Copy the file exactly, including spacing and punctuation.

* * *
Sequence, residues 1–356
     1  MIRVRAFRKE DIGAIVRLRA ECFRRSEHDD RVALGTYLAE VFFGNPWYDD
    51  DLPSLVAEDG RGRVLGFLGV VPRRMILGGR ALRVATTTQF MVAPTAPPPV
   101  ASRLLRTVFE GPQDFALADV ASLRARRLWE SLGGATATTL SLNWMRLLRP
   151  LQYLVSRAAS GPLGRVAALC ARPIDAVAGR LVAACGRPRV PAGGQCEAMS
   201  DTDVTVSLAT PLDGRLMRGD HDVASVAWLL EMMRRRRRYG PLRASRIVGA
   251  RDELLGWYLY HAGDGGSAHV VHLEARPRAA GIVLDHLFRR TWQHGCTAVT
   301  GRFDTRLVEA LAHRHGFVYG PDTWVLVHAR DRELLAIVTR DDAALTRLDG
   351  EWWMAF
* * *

Sequence, residues 1–356
     1  MIRVRAFRKE DIGAIVRLRA ECFRRSEHDD RVALGTYLAE VFFGNPWYDD
    51  DLPSLVAEDG RGRVLGFLGV VPRRMILGGR ALRVATTTQF MVAPTAPPPV
   101  ASRLLRTVFE GPQDFALADV ASLRARRLWE SLGGATATTL SLNWMRLLRP
   151  LQYLVSRAAS GPLGRVAALC ARPIDAVAGR LVAACGRPRV PAGGQCEAMS
   201  DTDVTVSLAT PLDGRLMRGD HDVASVAWLL EMMRRRRRYG PLRASRIVGA
   251  RDELLGWYLY HAGDGGSAHV VHLEARPRAA GIVLDHLFRR TWQHGCTAVT
   301  GRFDTRLVEA LAHRHGFVYG PDTWVLVHAR DRELLAIVTR DDAALTRLDG
   351  EWWMAF